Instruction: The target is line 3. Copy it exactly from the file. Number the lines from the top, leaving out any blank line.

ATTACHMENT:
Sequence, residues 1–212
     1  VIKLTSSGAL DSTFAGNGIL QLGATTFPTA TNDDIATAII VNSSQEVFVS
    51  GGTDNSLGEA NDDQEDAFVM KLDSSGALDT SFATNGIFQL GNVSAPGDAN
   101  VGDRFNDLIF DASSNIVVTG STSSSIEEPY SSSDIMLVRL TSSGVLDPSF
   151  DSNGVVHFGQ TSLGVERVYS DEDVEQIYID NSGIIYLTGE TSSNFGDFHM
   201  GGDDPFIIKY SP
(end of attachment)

    51  GGTDNSLGEA NDDQEDAFVM KLDSSGALDT SFATNGIFQL GNVSAPGDAN